Maximizing the Value of Event SponsorshipsOctober 13, 2010 By: Steve Raye
From the corner tap to independent restaurants to national chain locations, anyone with a bar tends to be inundated with event or promotion sponsorship requests from spirits, beer and wine brands. These people want to get their brands into your customers’ hands, so they’re often eager to throw a party or other event at your establishment. Sounds great —events represent great opportunities for building a customer base and awareness for your place — but the challenge is how to separate the wheat from the chaff and know the sponsor partner will deliver a great event that puts your establishment at center stage.
Here’s a checklist of questions to make sure you and your place get the most bang for your sponsorship buck:
1. When is the event?
Make sure you have a minimum of two weeks to execute and ideally a week to plan and prepare before going into to execute mode — three weeks total at the least. Shorter lead times usually mean poor results. It’s also a clue to the “fit” of the opportunity. A well-planned event with sufficient lead time means your prospective partner “gets it.” If yours is the last venue on the list to be asked to host the event, how much commitment and execution are you really going to get?
Proper lead times mean you’ll be able to get the benefit of advance advertising and publicity. Make sure your sponsor partners will be able to feature your logo, location and contact information in advance advertising, publicity and on-site signage.
2. Who’s coming?
Are they your target audience? If not, are they the crowd you want in your place? And, where do they come from? If you’re an independent restaurant, you know your customer base probably lives two to 10 miles from your location. If the event will attract people from farther away, how likely is it that those attendees will become regular customers, and how efficient will the return on your investment be?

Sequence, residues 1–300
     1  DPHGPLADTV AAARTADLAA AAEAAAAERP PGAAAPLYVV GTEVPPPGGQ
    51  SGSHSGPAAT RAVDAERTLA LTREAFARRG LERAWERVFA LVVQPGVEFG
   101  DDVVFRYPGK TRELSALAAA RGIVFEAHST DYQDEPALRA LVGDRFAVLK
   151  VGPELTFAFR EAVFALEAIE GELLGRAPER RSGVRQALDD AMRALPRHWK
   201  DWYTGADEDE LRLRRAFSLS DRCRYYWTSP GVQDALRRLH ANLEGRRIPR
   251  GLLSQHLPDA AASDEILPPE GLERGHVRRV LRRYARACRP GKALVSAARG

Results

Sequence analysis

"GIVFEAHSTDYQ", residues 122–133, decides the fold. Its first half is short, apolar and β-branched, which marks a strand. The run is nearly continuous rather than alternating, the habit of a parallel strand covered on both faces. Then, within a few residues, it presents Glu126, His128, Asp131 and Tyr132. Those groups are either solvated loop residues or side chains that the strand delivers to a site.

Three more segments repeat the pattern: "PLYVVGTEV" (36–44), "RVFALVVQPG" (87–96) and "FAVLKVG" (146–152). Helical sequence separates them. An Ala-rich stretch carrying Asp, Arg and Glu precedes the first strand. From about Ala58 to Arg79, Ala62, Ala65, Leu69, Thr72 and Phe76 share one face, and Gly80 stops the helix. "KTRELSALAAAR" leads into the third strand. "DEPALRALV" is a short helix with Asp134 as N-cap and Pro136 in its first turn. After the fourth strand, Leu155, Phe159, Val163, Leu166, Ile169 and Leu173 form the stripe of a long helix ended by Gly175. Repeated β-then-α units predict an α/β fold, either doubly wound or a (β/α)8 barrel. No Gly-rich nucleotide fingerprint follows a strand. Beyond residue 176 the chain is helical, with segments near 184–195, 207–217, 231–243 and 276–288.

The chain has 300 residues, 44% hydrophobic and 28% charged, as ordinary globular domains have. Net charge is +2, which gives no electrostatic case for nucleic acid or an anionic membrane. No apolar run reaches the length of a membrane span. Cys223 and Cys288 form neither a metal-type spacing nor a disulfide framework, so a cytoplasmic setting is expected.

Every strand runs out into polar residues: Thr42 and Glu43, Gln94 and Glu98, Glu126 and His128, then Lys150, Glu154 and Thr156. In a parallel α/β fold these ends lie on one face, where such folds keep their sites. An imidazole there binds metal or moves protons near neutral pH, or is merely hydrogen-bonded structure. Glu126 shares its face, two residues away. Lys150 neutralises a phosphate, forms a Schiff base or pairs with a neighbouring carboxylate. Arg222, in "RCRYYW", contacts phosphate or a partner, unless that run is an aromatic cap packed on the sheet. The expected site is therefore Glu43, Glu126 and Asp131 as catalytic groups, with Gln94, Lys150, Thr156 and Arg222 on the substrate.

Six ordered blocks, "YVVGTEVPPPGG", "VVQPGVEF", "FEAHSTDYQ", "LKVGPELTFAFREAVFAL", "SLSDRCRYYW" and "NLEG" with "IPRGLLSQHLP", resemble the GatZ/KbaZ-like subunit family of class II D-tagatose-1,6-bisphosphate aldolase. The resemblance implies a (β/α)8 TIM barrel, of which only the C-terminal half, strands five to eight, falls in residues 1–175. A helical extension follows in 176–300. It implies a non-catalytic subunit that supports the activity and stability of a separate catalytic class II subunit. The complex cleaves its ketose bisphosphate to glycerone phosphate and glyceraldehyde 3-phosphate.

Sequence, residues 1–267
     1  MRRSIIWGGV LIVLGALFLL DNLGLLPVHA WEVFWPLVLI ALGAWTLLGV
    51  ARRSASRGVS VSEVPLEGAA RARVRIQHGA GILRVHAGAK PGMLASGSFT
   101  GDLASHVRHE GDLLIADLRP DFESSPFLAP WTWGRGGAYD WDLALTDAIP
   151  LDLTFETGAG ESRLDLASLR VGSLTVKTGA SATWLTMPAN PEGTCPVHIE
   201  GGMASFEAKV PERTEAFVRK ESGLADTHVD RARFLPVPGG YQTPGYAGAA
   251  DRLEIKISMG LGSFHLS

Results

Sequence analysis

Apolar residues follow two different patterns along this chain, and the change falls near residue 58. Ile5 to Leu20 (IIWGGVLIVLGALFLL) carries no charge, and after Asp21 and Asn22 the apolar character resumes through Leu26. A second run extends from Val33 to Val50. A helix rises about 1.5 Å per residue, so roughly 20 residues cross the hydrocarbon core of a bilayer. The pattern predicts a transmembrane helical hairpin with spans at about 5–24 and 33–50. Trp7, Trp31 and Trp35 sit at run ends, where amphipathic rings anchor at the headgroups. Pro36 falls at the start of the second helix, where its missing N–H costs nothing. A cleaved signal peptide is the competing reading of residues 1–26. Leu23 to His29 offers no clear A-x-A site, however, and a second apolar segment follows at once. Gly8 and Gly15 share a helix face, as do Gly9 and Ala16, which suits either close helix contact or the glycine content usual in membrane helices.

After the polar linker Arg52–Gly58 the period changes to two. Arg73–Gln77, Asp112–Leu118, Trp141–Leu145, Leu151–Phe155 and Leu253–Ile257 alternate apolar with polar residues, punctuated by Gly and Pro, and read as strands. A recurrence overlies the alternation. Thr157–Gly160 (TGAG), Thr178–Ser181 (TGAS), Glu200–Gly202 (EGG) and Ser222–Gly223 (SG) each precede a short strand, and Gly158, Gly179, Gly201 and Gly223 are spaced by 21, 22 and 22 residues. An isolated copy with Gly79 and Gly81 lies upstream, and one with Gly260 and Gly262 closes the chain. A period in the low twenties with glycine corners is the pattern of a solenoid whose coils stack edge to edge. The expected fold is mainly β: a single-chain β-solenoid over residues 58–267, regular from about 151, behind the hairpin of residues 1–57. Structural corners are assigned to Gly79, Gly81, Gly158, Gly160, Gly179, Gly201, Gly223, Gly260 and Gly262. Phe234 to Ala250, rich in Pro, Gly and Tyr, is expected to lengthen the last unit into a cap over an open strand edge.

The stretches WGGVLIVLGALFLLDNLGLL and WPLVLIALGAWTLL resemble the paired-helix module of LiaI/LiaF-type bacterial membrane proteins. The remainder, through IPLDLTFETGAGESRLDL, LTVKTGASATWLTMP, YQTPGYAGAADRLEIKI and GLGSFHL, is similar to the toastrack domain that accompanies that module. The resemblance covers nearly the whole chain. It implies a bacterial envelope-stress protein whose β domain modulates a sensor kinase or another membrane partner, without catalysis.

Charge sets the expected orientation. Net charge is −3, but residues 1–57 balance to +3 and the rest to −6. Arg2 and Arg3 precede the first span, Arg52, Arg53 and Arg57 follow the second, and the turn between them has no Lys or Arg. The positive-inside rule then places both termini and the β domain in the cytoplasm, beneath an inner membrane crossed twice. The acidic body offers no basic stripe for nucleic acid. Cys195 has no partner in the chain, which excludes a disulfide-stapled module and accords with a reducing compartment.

3. How many will be there?
Forecast the cost…in food or free goods, and don’t forget the impact on personnel allocation to service a larger crowd. Make sure you still can deliver great value and service to the customers in your bar or restaurant during that time period of the event.
4. Can you pay with something other than cash?
Frequently a sponsorship can be paid for in kind rather than cash (check local regulations), which allows you to get the benefit of the retail value of the goods or services, while you only pay the other hard costs associated with the event.
5. What are the organizers’ publicity plans for the event?
Ask what their advertising and PR plans are and specifically what they’re going to do to promote your establishment. Don’t rely on them saying, “Oh, yes, we’ll include your name and logo.” Ask for more than what they’re offering, and you’ll usually get what you need.
6. Other key elements to request: Category exclusivity, signage opportunities, logo inclusion on the step and repeat and featured on the drink menu, a mention by the emcee and rights to use of the photography.